Friday, January 15, 2010

SHARING THE LOAD


Two are better than one, because they have a good return for their work: If one falls down, his friend can help him up. But pity the man who falls and has no one to help him up! Also, if two lie down together, they will keep warm. But how can one keep warm alone? Though one may be overpowered, two can defend themselves. A cord of three strands is not quickly broken.(Ecclesiastes 4:9-12, NIV)


A couple of weeks ago we had our son in for hematology clinic. Because my husband works for the local blood bank, he sees some of the hematologists frequently. One of these doctors, whom my spouse frequently chats with about cross-country skiing, noticed that he was at our clinic appointment. The doctor told us that he was surprised to find out that my husband also helps with infusing and treating our son. He told us that it is usually the mothers that do the 3-times-weekly IV push on their children.


After the visit, my husband and I discussed how it's just second nature for us to share the responsibility of managing our son's hemophilia. We trade-off each time our son needs an infusion, so we each keep our venipuncture skills up. I expressed, "I need to know that you can take care of this boy if I get hit by a Mack Truck!"


As we chatted further, we came to the recognition that this is a topic of major concern to most parents of kids with special needs. The difficulties of sharing the load with a child who needs extra care has a number of different scenarios that can make one spouse feeling resentful of the other.


One common difficulty can be a disengaged father. Often times, the husband sees himself as the breadwinner and feels his wife is responsible for all things child-related. He comes home tired and can't be bothered with the information that needs to be digested in order to care for that special child. It can also be an obstacle if the father is squeamish, which makes him avoid anything biological.


Another common challenge can be a controlling mother. Fearing any further harm may come to her already fragile child, the wife can often exclude her spouse from getting involved in any way. There can be an intolerance for having things done any other way than the way she does them, which makes it impossible for her husband to please her.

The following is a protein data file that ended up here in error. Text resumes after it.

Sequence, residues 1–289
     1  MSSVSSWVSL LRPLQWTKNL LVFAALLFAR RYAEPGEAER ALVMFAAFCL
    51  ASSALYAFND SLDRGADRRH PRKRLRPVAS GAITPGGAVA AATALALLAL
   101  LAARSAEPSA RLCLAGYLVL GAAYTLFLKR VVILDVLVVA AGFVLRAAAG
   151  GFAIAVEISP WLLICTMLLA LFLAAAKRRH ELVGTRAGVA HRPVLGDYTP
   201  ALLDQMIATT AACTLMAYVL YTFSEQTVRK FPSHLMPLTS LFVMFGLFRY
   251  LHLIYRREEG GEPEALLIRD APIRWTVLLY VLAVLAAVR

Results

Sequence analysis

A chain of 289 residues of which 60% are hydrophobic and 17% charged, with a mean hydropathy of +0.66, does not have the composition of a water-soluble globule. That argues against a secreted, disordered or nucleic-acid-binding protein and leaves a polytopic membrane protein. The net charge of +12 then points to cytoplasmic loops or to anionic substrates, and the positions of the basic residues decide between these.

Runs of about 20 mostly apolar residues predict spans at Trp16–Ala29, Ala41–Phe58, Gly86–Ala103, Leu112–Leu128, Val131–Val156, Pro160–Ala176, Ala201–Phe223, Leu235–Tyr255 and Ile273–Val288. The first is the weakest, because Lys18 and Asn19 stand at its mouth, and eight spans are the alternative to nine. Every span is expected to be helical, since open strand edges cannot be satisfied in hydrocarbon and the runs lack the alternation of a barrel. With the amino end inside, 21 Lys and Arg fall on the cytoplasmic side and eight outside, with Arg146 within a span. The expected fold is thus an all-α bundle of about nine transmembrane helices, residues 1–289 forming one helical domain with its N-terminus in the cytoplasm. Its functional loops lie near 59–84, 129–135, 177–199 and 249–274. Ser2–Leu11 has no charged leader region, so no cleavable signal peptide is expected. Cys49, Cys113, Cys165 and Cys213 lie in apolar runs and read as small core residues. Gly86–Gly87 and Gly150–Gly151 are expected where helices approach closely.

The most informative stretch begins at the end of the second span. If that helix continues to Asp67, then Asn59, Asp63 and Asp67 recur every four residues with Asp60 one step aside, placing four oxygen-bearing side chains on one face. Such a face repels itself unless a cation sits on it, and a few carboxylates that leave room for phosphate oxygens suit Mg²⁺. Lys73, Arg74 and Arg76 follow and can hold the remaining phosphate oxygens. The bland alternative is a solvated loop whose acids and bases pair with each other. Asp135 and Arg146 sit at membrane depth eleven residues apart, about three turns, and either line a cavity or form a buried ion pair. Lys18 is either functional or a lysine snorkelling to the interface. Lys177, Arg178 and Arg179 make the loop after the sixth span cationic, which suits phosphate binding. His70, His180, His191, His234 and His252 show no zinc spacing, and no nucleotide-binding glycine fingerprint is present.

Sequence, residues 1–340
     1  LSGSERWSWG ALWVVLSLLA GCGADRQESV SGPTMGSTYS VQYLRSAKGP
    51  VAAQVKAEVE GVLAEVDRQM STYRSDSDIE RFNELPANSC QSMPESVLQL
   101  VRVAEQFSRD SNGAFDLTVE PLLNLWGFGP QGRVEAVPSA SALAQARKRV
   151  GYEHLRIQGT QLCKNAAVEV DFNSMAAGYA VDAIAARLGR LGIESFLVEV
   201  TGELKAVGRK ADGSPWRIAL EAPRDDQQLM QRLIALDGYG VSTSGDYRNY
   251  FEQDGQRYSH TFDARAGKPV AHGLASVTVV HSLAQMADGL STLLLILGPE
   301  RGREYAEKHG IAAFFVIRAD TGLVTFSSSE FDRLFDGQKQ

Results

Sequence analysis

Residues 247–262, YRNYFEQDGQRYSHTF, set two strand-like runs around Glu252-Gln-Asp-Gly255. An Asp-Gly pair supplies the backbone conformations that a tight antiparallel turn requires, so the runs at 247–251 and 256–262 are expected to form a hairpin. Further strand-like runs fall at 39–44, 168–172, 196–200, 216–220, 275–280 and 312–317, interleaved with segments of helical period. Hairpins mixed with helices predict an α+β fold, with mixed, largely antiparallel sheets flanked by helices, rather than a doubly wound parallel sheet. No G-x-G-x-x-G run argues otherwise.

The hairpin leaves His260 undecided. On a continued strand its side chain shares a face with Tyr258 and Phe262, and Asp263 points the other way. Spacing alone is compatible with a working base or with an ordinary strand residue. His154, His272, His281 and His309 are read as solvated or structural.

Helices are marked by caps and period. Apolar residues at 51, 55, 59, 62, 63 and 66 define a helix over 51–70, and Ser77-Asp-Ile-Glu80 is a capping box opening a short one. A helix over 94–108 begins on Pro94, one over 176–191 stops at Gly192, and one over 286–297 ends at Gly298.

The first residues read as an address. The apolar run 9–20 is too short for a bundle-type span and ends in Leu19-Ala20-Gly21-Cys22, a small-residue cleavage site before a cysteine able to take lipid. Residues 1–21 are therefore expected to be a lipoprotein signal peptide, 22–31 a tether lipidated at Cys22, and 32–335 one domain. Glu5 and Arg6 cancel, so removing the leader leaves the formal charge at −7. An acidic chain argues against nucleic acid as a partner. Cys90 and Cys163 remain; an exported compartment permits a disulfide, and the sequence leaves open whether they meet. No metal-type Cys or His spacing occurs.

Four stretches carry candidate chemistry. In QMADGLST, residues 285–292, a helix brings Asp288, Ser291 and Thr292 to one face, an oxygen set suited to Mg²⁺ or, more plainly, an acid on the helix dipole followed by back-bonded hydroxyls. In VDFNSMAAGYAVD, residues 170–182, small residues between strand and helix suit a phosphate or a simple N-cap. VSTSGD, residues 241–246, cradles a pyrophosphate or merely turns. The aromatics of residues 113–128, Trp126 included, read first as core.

Other factors that play into load-dumping between couples who have a child with a special need can include job travel making one spouse unavailable, lack of acceptance of the diagnosis by one spouse or even a broken marriage. Whatever the cause, this is not the way God intended it to be.


Marriage is an earthly model of the Trinity. Just as the Father, Son and Spirit are One, so the husband, wife and God create a successful unity. If you crack God's word open, throughout it, you will find that God created us to be social beings. In the first book of the Bible, He states "It is not good for man to be alone." (Genesis 2:18) The Lord created "a helper" for Adam.


Although it may not feel like it, you are privileged to be chosen by God to be the parents of that special child -- BOTH of you. And since God chose both of you as the parents of that precious one, it is essential that you each engage in the care of that child.


Now that involvement does not need to look exactly the same for both of you. Complementarity is also a hallmark of a good marriage. Maybe he does the bathing & you do the feeding. Maybe he deals with the doctor's bills and you address the challenges with the school. Dialogue between the two of you is essential to coming up with a plan that is satisfactory to both.


How we get to the point of that dialogue can be a challenge in and of itself as well. You might start with some of these strategies:


  • Stop holding grudges and be willing to courteously express to your partner the difficulties from your viewpoint.

  • Don't have these conversations in the middle of a heated argument or at a stressful time.

  • Set a time where all is calm where you can sit down with paper, pen and hash out the details.

  • Be willing to hear what you spouse has to say even if it's not what you want to hear.

  • Controllers, be willing to adopt the "Good enough is good enough" attitude towards the other spouse handling care of your child. (As long as it isn't gross negligence!)

  • Those who are checked out, it's time to be a responsible adult and get involved.

  • Squeamish types, plug your nose, swallow hard and help out once in awhile. We all have grotesque parts of life that we need to handle.

  • Make it a regular habit of reviewing what you're doing. You don't need to formally schedule a meeting, but touch base with your spouse to make sure they're satisfied with how things are going. If things aren't working out, speak up in a polite manner.

Above all else, pray! Spending time together in prayer will definitely build intimacy in your relationship. It's also valuable time away from the kids.


If you are finding these things impossible, save your sanity and your marriage by getting a mediator involved. There is an overwhelmingly disproportionate amount of stress on a couple with a special needs child. God gave us fabulous resources to use including psychotherapists, support groups, and marriage counselors. Take hold of any of these helpful tools to make you into that strong, three-stranded cord that God intended you to be!

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